Does Hillary Clinton really want to be Salmon Chase?

I doubt it.

UK reporters tend to be rather fanciful in their accounts of U.S. politics, so there’s every reason to hope that the report from the Leonard Doyle in the Independent about the negotiations between HRC and BHO about staffing the State Department reflects a strong imagination rather than good sources.

If it were true it would be hard to figure out which player had made the bigger blunder: Clinton for demanding that she be allowed to staff the State Department with her own loyalists, or Obama for agreeing.

Obama’s lack of interest in getting revenge on his defeated opponents is a welcome change from the recent past. But if he had a similar lack of interest in rewarding his friends, that wouldn’t speak well of his ethics or his judgment. As for Clinton, a Secretary of State known to be on the outs with the White House has relatively little power. Clinton ought to want to have a couple of strong Obama loyalists around her, or she’s going to keep losing fights with the National Security Adviser.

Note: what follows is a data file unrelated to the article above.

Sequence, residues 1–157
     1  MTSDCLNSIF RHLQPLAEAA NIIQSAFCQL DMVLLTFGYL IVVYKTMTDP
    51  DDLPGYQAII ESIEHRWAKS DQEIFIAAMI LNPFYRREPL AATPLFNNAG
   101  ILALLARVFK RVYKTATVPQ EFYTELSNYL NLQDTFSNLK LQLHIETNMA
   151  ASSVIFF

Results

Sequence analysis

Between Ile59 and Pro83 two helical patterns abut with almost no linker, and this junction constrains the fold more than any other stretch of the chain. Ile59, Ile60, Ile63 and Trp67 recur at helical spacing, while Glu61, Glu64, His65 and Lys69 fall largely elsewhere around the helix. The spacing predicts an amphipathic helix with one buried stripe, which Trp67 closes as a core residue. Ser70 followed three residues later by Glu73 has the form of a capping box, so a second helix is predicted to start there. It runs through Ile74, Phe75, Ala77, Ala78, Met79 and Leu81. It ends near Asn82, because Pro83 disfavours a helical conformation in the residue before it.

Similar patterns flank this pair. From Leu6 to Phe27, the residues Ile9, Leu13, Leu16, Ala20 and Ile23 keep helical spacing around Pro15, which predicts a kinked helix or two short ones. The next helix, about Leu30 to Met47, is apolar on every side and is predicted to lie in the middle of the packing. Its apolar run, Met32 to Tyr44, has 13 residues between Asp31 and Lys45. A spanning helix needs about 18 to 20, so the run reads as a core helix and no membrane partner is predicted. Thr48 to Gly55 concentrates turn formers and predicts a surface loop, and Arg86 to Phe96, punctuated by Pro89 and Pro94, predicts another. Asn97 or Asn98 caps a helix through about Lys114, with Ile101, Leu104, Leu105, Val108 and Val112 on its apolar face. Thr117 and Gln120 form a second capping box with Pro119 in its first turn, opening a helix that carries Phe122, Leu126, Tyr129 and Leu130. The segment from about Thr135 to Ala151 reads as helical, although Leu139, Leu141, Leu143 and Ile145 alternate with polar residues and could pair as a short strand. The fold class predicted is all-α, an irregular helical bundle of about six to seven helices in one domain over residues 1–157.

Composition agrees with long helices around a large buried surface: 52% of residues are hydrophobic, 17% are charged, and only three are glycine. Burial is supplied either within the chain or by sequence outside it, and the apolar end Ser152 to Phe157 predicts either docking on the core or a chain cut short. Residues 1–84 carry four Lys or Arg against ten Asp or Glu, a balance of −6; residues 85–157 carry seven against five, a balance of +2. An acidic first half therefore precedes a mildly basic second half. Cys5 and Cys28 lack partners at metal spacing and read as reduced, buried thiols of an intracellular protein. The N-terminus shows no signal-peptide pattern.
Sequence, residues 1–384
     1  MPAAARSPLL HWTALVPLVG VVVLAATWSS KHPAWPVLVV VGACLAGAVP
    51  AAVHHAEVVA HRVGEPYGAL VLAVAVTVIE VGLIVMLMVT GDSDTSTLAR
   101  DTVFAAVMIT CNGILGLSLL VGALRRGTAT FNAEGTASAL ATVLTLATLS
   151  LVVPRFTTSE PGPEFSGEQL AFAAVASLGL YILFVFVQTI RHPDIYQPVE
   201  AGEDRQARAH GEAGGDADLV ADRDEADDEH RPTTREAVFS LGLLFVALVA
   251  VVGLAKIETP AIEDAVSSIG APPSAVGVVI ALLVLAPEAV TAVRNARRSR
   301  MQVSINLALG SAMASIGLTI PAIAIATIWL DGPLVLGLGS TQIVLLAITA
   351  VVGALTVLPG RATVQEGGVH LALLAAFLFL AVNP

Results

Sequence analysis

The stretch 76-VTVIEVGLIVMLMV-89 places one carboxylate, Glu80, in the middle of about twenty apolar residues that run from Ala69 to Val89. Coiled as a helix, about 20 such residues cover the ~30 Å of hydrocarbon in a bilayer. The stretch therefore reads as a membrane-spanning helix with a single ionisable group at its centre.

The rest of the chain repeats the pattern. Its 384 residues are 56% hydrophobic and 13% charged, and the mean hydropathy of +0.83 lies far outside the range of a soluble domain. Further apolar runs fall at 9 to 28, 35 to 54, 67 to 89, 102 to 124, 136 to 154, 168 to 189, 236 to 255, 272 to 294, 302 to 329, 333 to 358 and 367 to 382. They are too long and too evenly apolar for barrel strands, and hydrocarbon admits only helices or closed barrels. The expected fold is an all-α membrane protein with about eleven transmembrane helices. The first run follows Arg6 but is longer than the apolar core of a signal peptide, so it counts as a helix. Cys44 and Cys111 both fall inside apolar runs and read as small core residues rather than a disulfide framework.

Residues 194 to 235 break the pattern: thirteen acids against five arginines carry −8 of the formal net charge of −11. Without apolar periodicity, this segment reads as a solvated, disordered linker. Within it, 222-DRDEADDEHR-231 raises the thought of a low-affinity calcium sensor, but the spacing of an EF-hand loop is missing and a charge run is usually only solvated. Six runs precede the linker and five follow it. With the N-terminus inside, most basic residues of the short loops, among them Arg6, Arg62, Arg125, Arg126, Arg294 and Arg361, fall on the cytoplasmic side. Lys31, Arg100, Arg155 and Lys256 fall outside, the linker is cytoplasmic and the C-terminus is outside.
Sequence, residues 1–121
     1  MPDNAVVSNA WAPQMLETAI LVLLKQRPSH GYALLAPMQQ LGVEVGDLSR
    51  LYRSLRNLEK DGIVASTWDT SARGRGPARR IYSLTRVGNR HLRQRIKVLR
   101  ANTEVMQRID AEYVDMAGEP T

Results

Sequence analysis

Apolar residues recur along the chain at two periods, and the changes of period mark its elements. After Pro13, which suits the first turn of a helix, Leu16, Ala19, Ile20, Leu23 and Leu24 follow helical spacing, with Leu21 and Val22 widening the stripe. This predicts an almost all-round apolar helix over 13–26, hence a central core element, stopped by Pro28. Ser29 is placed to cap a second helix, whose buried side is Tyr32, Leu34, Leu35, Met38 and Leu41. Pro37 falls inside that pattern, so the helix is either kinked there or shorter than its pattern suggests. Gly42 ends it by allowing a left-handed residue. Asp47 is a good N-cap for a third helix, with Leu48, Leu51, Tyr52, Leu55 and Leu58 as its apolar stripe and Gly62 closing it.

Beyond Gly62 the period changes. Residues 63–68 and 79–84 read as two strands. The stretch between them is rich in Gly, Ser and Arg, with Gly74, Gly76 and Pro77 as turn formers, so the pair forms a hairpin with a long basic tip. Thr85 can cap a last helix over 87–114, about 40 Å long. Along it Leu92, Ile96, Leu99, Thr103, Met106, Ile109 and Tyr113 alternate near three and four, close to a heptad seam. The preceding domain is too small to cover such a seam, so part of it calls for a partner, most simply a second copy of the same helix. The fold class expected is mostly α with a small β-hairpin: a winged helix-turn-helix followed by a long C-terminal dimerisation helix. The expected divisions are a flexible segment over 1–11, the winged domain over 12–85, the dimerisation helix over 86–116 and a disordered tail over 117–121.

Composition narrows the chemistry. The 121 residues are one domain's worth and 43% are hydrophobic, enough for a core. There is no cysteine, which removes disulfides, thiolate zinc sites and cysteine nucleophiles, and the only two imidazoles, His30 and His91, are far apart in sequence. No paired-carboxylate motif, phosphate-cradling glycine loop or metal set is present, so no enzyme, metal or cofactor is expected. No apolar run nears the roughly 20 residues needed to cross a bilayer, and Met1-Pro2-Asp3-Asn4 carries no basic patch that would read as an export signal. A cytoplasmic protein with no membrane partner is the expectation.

Given the choice of believing either that two savvy players agreed to make an appalling mistake and or that a British journalist got a Washington story completely wrong, it seems to me that William of Ockham would bet on sloppy journalism rather than stupid politics.

At least, I hope so.

Author: Mark Kleiman

Professor of Public Policy at the NYU Marron Institute for Urban Management and editor of the Journal of Drug Policy Analysis. Teaches about the methods of policy analysis about drug abuse control and crime control policy, working out the implications of two principles: that swift and certain sanctions don't have to be severe to be effective, and that well-designed threats usually don't have to be carried out. Books: Drugs and Drug Policy: What Everyone Needs to Know (with Jonathan Caulkins and Angela Hawken) When Brute Force Fails: How to Have Less Crime and Less Punishment (Princeton, 2009; named one of the "books of the year" by The Economist Against Excess: Drug Policy for Results (Basic, 1993) Marijuana: Costs of Abuse, Costs of Control (Greenwood, 1989) UCLA Homepage Curriculum Vitae Contact: